Space Force spouses grapple with the earthly challenges of military life
Stars and Stripes April 30, 2021
The half-year that Space Force wife Julie Hopkins has spent apart from her astronaut husband is something many military spouses can relate to.
Col. Mike Hopkins, 52, who transferred from the Air Force to the Space Force on the International Space Station in December, is due to splash down off the Florida coast in the SpaceX Crew Dragon Resilience in the next few days, weather permitting.
His wife is waiting in a state of nervous excitement at the couple’s home in Houston. Like other military spouses, she’s used to her husband taking controlled risks at work. And she’s experienced the other challenges of military life, such as frequent moves, service overseas and the struggle to find work.
Mike first rode into orbit in September 2013. His current mission began in November.
“As you get close to launch you are nervous because a lot of things have to go right,” Julie Hopkins, 51, told Stars and Stripes during a telephone interview Friday. “It’s very surreal until the engine lights. It’s a little scary but exciting.”
A fatal T-38 Talon jet crash at Edwards Air Force Base, Calif., while Mike was training there as a test pilot brought home the risks that service members take, she said.
Space Force guardians, like other troops, spend time away from family, but Mike Hopkins is the first to leave Earth on temporary duty.
NASA does a wonderful job of family support, Julie Hopkins said.
“He can call me every day and I can email,” she said. “On weekends we do a private family video conference.”
The Space Force is making its own efforts to support space spouses, according to Mollie Raymond, wife of the Chief of Space Operations Gen. John “Jay” Raymond.
An Air Force wife almost 33 years before the Space Force came into being in December 2019, Mollie Raymond has been holding online meetings with Space Force spouses to provide them with information on employment and other challenges, she said during a phone interview April 20.
Raymond has experienced her own struggles since becoming an Air Force wife in 1987. When the couple made their first move, to Vandenberg Air Force, Calif., she worked at an auto hobby store, something she admits she was unqualified for, before an eight-year career in marketing and time as a stay-at-home mom of three.
The Space Force, as a young service with 5,000 guardians and 11,000 civilians, is building a family-friendly culture, Raymond said.
“It’s a quality of life issue and a retention issue,” she said. “Our spouses aren’t only underemployed; they are overqualified for many jobs.”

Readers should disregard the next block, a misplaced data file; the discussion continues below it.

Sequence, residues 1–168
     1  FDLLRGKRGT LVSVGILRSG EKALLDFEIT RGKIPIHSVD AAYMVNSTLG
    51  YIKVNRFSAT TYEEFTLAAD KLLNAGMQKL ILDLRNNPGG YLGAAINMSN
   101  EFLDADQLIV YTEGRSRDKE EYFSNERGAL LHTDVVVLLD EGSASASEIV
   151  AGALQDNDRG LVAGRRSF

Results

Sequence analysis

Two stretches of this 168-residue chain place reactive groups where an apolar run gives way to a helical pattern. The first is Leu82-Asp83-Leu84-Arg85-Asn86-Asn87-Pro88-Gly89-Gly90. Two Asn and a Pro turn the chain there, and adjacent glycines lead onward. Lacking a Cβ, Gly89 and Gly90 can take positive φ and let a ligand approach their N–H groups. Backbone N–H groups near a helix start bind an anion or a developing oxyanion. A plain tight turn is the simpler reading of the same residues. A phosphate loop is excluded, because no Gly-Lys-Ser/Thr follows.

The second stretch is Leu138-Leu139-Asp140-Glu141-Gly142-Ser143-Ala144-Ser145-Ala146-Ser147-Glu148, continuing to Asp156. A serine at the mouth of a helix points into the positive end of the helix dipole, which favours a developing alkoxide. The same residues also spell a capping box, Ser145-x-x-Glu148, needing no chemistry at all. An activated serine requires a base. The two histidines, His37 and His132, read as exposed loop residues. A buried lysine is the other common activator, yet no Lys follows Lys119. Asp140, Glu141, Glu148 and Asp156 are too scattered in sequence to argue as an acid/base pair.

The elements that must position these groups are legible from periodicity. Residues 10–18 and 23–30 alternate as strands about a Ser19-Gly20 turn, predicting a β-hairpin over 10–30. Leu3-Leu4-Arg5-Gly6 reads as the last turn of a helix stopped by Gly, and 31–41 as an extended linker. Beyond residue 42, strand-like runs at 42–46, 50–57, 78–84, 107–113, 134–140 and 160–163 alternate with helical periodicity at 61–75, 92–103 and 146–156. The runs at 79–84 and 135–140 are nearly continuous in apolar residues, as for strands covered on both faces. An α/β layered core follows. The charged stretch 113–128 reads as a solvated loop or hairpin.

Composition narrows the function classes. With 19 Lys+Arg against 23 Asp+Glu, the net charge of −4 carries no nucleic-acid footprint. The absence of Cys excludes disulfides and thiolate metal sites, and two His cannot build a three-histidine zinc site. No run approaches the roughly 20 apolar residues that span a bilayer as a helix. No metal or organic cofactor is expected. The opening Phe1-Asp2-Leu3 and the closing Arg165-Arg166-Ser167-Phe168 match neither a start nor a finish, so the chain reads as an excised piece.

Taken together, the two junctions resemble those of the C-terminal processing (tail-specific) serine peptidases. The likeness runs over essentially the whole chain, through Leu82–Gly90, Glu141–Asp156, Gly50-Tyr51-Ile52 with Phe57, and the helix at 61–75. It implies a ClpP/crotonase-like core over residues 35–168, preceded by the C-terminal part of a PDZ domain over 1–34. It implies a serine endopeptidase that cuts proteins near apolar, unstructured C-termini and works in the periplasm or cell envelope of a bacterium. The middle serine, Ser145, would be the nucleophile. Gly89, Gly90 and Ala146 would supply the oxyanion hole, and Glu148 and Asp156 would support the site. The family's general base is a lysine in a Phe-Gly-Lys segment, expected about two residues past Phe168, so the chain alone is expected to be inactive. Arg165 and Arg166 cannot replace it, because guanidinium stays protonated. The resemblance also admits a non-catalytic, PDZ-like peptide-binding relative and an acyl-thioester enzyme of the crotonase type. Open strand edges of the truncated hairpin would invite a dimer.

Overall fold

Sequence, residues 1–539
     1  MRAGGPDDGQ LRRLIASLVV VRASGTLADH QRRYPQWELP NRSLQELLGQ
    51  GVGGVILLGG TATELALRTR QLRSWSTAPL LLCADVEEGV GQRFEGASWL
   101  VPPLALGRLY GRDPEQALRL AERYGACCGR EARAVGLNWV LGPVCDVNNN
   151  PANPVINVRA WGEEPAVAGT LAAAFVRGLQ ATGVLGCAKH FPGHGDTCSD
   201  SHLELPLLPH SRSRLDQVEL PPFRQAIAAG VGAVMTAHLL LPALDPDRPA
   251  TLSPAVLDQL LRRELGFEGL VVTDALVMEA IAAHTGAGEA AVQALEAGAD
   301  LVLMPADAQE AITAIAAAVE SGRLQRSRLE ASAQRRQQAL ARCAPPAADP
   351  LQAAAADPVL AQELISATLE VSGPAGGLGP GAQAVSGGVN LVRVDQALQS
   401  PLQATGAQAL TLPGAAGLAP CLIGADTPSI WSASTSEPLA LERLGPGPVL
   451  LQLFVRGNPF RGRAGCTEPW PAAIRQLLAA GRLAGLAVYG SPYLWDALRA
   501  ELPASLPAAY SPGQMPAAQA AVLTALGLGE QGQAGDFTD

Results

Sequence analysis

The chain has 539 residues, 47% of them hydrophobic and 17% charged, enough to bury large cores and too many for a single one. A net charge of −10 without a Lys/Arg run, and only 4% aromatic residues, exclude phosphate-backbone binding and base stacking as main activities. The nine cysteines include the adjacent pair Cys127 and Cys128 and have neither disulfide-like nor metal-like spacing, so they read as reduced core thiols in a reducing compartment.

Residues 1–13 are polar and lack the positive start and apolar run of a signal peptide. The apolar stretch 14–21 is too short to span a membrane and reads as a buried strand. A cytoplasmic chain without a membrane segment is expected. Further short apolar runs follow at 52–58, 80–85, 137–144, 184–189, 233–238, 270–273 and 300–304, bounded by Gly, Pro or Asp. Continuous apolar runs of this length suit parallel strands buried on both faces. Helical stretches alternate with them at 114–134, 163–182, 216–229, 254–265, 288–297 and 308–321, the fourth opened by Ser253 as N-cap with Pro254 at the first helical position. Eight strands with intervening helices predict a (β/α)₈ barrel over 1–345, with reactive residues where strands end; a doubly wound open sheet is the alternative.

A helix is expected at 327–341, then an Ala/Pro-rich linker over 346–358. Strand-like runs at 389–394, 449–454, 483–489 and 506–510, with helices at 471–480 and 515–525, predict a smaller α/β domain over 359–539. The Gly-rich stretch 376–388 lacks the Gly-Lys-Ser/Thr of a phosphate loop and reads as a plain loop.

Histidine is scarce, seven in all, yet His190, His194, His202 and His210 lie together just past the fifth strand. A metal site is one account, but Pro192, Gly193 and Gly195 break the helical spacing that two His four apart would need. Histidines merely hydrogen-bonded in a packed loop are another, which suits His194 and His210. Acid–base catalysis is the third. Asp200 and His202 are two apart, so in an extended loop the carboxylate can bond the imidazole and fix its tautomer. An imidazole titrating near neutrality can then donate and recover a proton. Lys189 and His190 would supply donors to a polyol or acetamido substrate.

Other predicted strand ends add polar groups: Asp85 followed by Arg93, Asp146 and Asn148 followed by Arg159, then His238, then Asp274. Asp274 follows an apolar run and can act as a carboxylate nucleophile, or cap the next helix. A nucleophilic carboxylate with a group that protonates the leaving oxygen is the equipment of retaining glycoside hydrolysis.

Department of Defense programs such as Military OneSource and the Military Spouse Employment Partnership are useful resources, Raymond added.
Military OneSource helps families find child care, cope with stress, help children deal with a parent's deployment, move to a new duty station and find services in the local and military communities.
The Military Spouse Employment Partnership connects spouses with hundreds of employers who have committed to recruit, hire, promote and retain military spouses.
It has been easier for Julie Hopkins, a registered nurse, to find work than for most military spouses, she said.
However, she had to re-take boards as a nurse during an assignment in Canada and didn’t work while based in Italy due to the language barrier. It’s been tough to get promoted or save for retirement due to frequent moves, Hopkins said.
Astronauts aren’t the only Space Force guardians who spend time away from family. The service has some remote ground stations such as Diego Garcia in the Indian Ocean, Raymond said.
“The challenge is to stay connected,” she said. “It’s important to build your support community where you are and reach out to others in the same situation.”
Military spouses often have a lot on their plate, Hopkins said.
One of her sons, Lucas, 19, is studying statistics at the University of Notre Dame while her oldest, Ryan, 22, was due to commission as an Air Force officer on Friday, she said.
There is a lot of support for military spouses, probably more than most realize, said Hopkins, who plans to give her husband a “big hug” when he gets home.
“Everybody (in the military community) can relate to how you are feeling,” she said she would tell new spouses. “Everybody is away from home and their family (but) it is an adventure.”
The idea of Space Force spouses blazing a trail was echoed by Raymond.
“I’m excited for our Space Force families to be a part of something new and watch a service grow and evolve,” she said.